It has been a rather busy week one way and another, so I am later than usual in posting the second of last weeks camera outings, some may say better late than never.
Having spent Friday and Saturday visiting family, Sunday was my day to travel back to Exeter, taking in a photo walk somewhere on the way back.
That somewhere would be a visit to Staverton Steam railway and a walk along the woodland path, sandwiched between the Railway and River.
With bluebells gradually taking their turn on the botanical stage, it may be a little early to capture that carpet of blue in the woodland but I did find one or two images, a preview of the weeks to come.
Sadly, the full route of this footpath is no longer open at weekends but I understand the need to conserve these areas of natural beauty from the damage of erosion from so much footfall over the years.
I head back to the steam railway station where the first of the new season’s trips have commenced, these stations are kept so immaculately by the team of volunteers, the retro signage and paraphernalia are always an attraction, the photographer’s holy trinity of texture, colour and patina well represented with old sack trucks, travel cases and the mandatory vintage bicycle or two.
There is always a warm friendly feeling to these old stations, perhaps even,a yearning for the days when we were in less of a rush to do everything by yesterday.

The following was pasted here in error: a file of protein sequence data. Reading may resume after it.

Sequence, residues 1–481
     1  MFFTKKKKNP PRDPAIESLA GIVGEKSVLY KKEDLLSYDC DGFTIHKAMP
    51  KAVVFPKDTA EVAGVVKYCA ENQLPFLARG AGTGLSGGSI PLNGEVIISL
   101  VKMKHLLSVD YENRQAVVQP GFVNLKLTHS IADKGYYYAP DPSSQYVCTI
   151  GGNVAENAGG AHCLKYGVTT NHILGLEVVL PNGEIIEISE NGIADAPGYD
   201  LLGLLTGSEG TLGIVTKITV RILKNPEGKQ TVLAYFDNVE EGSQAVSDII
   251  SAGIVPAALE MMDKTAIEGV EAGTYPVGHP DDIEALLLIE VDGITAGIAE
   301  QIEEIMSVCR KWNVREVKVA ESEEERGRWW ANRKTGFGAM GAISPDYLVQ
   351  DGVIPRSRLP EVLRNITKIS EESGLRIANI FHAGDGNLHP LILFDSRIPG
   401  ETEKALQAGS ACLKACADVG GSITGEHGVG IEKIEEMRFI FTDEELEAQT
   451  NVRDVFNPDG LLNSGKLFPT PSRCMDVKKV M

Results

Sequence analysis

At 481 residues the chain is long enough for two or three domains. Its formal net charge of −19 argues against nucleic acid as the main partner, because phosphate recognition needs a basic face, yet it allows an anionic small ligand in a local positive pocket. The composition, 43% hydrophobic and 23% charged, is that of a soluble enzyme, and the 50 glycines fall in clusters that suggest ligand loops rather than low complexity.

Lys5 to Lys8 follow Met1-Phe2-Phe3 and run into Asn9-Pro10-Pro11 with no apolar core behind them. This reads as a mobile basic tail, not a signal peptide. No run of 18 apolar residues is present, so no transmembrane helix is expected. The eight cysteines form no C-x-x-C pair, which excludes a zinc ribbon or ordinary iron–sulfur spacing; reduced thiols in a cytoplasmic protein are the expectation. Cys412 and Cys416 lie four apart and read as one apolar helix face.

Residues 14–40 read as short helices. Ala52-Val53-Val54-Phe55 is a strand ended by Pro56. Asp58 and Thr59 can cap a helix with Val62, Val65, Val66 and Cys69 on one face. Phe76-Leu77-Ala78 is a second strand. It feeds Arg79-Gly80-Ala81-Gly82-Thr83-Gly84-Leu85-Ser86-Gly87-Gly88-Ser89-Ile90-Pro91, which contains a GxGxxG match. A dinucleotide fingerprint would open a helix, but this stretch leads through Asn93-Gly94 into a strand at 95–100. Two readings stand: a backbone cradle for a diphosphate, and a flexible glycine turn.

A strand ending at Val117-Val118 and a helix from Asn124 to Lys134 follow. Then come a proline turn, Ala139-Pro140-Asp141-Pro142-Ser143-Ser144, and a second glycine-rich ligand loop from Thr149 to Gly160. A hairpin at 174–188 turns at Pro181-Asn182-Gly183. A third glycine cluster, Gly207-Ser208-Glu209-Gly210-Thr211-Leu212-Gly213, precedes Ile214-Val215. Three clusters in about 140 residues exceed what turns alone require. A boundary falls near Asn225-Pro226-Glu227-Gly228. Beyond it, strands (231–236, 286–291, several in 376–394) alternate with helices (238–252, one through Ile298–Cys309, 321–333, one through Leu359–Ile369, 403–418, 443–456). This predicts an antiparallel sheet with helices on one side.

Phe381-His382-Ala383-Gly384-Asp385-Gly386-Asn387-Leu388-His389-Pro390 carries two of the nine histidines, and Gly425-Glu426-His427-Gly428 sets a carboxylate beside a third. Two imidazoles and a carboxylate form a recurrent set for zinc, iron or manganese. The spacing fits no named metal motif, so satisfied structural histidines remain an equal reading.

After a couple of very pleasant hours, it’s time for a welcome brew before heading back home, where I look forward to seeing my weekend’s efforts and the new memories I have created over the last few days.
Day 18 may prove to be one of my favourite photo walks of the entire 50mm project, simply because of the variety of shots I was able to take today.
An opportunity to mooch around the market town of Totnes for a couple of hours will rarely be refused, especially on a market day, when the town will be busier than normal.
The market square is where my shoot begins, where a myriad of marketeers ply their trade, from bric a brac to fruit and veg, antiques to Panama hats but the busiest stalls appear to be the street food stalls, where the subtle aroma of spices tantalize the taste buds.